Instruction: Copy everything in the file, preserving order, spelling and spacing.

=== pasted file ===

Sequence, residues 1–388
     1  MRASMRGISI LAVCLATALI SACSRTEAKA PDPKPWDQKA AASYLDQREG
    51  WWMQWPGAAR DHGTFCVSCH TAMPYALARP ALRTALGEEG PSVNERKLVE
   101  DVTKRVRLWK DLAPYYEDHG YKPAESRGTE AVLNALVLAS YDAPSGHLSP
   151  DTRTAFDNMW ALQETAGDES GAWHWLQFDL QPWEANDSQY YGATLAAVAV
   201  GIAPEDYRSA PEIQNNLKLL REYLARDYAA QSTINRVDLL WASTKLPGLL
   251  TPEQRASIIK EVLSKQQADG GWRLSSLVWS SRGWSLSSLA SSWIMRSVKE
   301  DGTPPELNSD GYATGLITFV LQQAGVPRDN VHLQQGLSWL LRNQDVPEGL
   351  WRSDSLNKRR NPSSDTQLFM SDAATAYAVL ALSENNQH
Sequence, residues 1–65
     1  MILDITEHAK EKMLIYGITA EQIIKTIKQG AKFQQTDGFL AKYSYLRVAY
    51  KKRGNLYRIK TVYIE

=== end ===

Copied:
Sequence, residues 1–388
     1  MRASMRGISI LAVCLATALI SACSRTEAKA PDPKPWDQKA AASYLDQREG
    51  WWMQWPGAAR DHGTFCVSCH TAMPYALARP ALRTALGEEG PSVNERKLVE
   101  DVTKRVRLWK DLAPYYEDHG YKPAESRGTE AVLNALVLAS YDAPSGHLSP
   151  DTRTAFDNMW ALQETAGDES GAWHWLQFDL QPWEANDSQY YGATLAAVAV
   201  GIAPEDYRSA PEIQNNLKLL REYLARDYAA QSTINRVDLL WASTKLPGLL
   251  TPEQRASIIK EVLSKQQADG GWRLSSLVWS SRGWSLSSLA SSWIMRSVKE
   301  DGTPPELNSD GYATGLITFV LQQAGVPRDN VHLQQGLSWL LRNQDVPEGL
   351  WRSDSLNKRR NPSSDTQLFM SDAATAYAVL ALSENNQH
Sequence, residues 1–65
     1  MILDITEHAK EKMLIYGITA EQIIKTIKQG AKFQQTDGFL AKYSYLRVAY
    51  KKRGNLYRIK TVYIE